The federal government issues policy and standards for wireless networks and wireless technology through the National Institute for Standards and Technology (NIST). NIST has developed information security standards and guidelines, including minimum requirements for federal information systems and wi-fi networks. NIST has published a special publication for wireless networks that constitutes a mandatory framework for network implementation. NIST has issued similar frameworks for technologies and communications.
Essentially, 802.11 is the wi-fi standard for a wireless network. The letters that follow constitute amendments that have been and are still being made to the 802.11 wi-fi standard. Currently, the amendment ax is being rolled out. Most amendments to the 02.11 wi-fi standard have been backward compatible. This backward compatibility prevents constant obsolescence.
At its core, a wireless (i-fi) network consists of an input device, a transmitter, and a receiver. The input device creates the signal that will be transmitted. From there, the receiver picks up the transmitted signal and recreates it. There are also other components to consider including:
The software that you pay no attention to that runs your wi-fi router is "firmware." Even if it seems to work well, the firmware should be updated regularly. This is also the software that is pre-installed on your router. Most router makers will notify you when this needs to be done and how to do it.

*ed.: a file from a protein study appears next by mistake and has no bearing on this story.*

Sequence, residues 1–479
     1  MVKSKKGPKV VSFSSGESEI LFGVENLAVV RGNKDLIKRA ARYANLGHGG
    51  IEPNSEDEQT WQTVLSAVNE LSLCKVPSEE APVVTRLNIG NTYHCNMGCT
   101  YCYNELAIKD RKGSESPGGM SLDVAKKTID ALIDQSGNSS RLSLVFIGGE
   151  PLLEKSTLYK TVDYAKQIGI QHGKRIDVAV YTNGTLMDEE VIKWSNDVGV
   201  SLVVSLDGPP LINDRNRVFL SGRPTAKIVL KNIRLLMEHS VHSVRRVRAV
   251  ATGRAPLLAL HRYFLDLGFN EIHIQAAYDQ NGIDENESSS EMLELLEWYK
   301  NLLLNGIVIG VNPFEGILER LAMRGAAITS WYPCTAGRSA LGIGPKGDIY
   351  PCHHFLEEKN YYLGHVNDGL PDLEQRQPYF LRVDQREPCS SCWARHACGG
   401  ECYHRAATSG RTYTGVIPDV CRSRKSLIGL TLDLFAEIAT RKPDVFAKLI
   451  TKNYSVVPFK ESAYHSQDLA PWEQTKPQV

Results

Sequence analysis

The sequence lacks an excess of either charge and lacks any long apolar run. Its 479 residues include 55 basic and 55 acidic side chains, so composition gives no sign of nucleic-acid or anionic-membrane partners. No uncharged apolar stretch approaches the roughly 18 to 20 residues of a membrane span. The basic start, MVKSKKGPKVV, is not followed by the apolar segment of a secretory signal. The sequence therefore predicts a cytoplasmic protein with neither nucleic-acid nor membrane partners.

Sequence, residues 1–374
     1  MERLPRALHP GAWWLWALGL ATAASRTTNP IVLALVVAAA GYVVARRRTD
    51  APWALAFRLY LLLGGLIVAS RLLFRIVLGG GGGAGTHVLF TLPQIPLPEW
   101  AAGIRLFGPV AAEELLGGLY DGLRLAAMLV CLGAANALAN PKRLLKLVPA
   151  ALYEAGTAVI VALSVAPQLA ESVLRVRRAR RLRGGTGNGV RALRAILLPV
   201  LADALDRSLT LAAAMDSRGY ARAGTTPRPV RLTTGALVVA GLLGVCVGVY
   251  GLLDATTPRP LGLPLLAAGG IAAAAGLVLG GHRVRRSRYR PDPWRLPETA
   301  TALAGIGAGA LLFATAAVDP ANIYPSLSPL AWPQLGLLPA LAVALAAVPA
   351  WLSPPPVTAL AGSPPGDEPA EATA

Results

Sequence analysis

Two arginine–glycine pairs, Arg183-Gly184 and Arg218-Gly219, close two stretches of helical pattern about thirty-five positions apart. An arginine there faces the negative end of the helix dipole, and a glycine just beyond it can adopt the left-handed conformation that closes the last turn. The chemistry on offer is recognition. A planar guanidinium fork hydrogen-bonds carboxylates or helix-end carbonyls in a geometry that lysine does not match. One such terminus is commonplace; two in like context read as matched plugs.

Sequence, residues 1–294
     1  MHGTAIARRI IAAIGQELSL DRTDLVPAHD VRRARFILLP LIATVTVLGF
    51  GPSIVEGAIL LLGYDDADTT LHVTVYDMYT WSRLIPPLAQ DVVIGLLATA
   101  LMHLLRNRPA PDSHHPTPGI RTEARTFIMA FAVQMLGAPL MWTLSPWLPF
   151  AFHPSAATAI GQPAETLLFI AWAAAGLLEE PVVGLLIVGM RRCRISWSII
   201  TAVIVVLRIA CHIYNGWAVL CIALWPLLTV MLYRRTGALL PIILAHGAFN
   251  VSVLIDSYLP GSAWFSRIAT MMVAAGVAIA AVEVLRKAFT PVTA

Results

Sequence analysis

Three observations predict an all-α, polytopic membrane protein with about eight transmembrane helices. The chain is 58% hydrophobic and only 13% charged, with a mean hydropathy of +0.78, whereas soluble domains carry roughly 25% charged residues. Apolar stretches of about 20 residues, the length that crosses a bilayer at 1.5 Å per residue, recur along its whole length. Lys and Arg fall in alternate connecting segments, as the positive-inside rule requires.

Various terms are used to define parts of your wireless system, and knowing what they mean can aid in understanding how a system works. The following are some of the more essential terms.
The University of Hawaii developed the first wireless network in 1970. In 1991, the Institute of Electrical and Electronics Engineers (IEEE) began standardizing these wireless technologies and creating wireless standards. The IEEE ratified the first wireless networking standard, 802.11, in 1997, what we today call wi-fi. In 1999, 802.11a and 802.11b were introduced to the public, delivering painfully slow speeds by today's standards.
Because technology is not destroyed every time the 802.11 standard is amended, there are always multiple versions in use. Some of the more common standards still being used today include:
Wi-Fi 6 is the new official gold standard for the internet. It will be designated as IEEE 802.11ax and will identify technology that meets that standard. Wi-Fi 6 is a tremendous upgrade to existing wi-fi capability. It has feature enhancements, additions, and expansion. Virtually every wi-fi component will be improved with the 802.11ax standard, giving the marketplace better user capacity, faster data rates, better latency states, more network bandwidth, and more efficient use of power.
Wi-Fi 6 offers MU-MIMO, multi-user, multi-input, multi-output capabilities. This allows multiple wireless devices to communicate with the same wi-fi router at the same time. It was originally introduced on 802.11ac WAVE (also known as Wi-Fi 5) and permits concurrent communication. MU-MIMO allows up to eight simultaneous data streams, doubling Wi-Fi 5's four streams, giving significantly improved performance. In addition, Wi-Fi 6 permits smart routers to output data at both 2.4 and 5 GHz to a single user, significantly increasing the total bandwidth.
Wi-Fi 6 changes from 256-QAM modulation to 1024-QSM. This dramatically increases the bits encoded per packet. This allows for a 25 percent increase in throughput, which improves efficiency in high traffic.
Wi-Fi 6 uses a longer orthogonal frequency-division multiplexing (OFDM) symbol, allowing four times as many subcarriers. This makes the system more stable and increases speed by about 10 percent, but it also cuts back on latency.